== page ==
Okay, it looks a bit of a pig's ear but I got better after this!
Push the dish out using the sponge. Make sure you push the bottom to a nonstick surface so it sits well as it dries. Wipe the biscuit cutter clean each time you make a new dish because it will become sticky!

Work that sponge!

Let the clay set up for a while - in the case of my clay it was about 15 minutes, during which I made more dishes and lined them up. Once it is less floppy, clean it up and add any edge decoration.

...meet hungry otter

So I made more - you can see the difference between the horse dish on the left and the one on the right - the horse one used a cutter 2 sizes down.

and I fired them

and put votive candles in one

And here's the otter with his fishie -

The end results are about 3 inches in diameter and about a half inch deep. They fit votive candles perfectly, but of course they are perfect for all sorts of trinkets, tea bags etc!

Saturday, April 9, 2011

Questions Answered

Questions about Song and Branch's business practices, habits etc. The subject and thrust of questions have been changed to protect the innocent. Do note that not all of these questions were asked on etsy, as it appears that the Fremont Market is a hotbed of curious people.

Q. Why is the cute adorable standing fawn more expensive than the cute adorable sleeping fawn? They look just as detailed.

A. As cute adorable fawns go, the sleeping ones have less potential energy than the standing ones, that is, I can make 4 sleeping fawns and know I will have 4 when I unload the kiln, and make 4 standing ones and end up with 3. Porcelain droops and causes legs to warp, also just the weight of clear glaze when I dip a standing piece is capable of breaking off a leg if I hold it too tightly. I love the standing figures though, so it is worth a little bloodshed in the glaze firing to bring them to you and for $2 - 4 more I think that's a bargain!

Q. Why can't I have my bowl in a week?

A. Because my big kiln holds about 200-300 pieces and is most efficient when full, this means to finish your piece I must make, fire to bisque, glaze, fire to completion all 200 pieces along with your own piece. If all goes well, a cycle takes me about 2 weeks, but more often it is 3 weeks.

Q. I wanted some miniature birds and I saw some on your site  for $10 a pair. I want a pair of rose breasted grosbeaks and you quoted me $20. WHY?

A. I make fast-selling birds like bluebirds and cardinals in lots of 20, which means I can more or less economize the speed. Unfortunately,  I will probably have to make 4-5 of them to get two that you will like, thus, a commission costs a bit more.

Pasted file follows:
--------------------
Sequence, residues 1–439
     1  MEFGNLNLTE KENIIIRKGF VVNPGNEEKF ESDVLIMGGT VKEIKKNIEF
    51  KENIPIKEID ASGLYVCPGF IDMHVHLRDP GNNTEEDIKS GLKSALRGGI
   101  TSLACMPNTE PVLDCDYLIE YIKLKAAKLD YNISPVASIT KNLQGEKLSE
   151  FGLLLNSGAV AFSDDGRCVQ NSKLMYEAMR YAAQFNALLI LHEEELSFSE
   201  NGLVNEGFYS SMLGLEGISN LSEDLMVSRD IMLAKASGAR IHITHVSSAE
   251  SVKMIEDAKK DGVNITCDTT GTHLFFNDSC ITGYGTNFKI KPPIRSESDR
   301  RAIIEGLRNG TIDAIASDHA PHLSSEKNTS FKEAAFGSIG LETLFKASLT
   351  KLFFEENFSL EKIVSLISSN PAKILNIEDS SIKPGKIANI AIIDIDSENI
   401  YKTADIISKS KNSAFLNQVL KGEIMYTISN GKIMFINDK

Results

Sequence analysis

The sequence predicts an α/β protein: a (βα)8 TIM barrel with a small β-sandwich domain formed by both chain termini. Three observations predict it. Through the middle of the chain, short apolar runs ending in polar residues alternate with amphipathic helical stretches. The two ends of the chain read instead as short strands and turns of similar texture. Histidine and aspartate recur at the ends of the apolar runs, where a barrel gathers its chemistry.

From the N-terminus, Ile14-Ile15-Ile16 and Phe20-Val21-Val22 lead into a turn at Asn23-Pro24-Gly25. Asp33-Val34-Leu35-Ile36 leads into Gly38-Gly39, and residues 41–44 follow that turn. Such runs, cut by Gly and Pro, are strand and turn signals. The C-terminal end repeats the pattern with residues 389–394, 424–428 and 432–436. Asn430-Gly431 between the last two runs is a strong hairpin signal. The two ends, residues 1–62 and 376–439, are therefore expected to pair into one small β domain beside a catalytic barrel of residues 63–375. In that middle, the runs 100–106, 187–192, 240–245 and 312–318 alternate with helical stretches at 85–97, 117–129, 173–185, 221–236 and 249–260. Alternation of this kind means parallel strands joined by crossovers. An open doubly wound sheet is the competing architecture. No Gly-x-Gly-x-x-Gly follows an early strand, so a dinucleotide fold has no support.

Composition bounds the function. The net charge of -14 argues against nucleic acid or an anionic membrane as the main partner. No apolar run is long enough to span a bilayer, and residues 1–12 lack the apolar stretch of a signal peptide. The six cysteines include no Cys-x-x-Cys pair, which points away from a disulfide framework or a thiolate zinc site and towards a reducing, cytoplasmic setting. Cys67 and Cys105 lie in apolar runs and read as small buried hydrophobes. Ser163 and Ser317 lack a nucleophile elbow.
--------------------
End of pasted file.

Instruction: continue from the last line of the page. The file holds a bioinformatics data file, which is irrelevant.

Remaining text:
Q. Can you make me a Hello Kitty?

A. No. I do not make copyrighted characters.

Q. Can you paint a dog wearing a Star Trek uniform in a pinchpot for me?

A. Yes, I am fine with humor or parody that is not a direct rip off of a copyrighted item, since artists are allowed to do that without being sued in most cases (though I would be very leery of any Disney character - their legal team is something else).

Q. Will you giftwrap my item and add a note for my loved one?

A. If you are fine with tissue paper and ribbon in pastel colors, I can do that free of charge. I don't do sharp corners though, or pretty paper or anything since I am a bit of a slob and it's frankly embarrassing. The note to your loved one will be on the back of a hand-drawn ACEO card with appropriate subject matter.

Q. Can I have that rock in your photograph?

A. No. I love that rock or I would not photograph it so much. It is Jurassic limestone from the south of England containing hundreds of tiny ammonite fossils. I absolutely love it. My sister found it on the beach at the town of Beer (yes it is a real town) and gave it to me - so in addition to being sedimentary it is sentimental.

Q. Will you, for the love of god sign your pieces?

A. In the excitement of creating my work, I often forget to sign my work. I am always happy to sign or initial my sculptures with sharpie. Sorry about that, I still haven't made a chop that I like and I have been through about a dozen...

Wednesday, April 6, 2011

Etsy vs Fremont Sunday Market

Observations are fun. For the last month I have been going to the Fremont Sunday Market and I have sold on Etsy for almost three years now. The venues are very different.

Market: You Have to be nice in public.

I could be having an awful day and selling online and no one is going to see it. On Etsy I can have a little snark session over someone offering me $2 for a piece worth $12, but in public you have to thank them for their offer and then refuse politely because the public is watching. At the market I have to be the nice, smiling person that I am not. This isn't to say that I am wildly vicious or mean, just that I am a poorly socialized nerd who doesn't always cue into subtle body language. I really have a hard time making eye contact, I am self conscious about the fact that my teeth aren't normal and also I stand crookedly and my neck is stiff so I feel like a bit of a freak. Honestly though, people don't seem to notice.

Etsy: You have to know time zones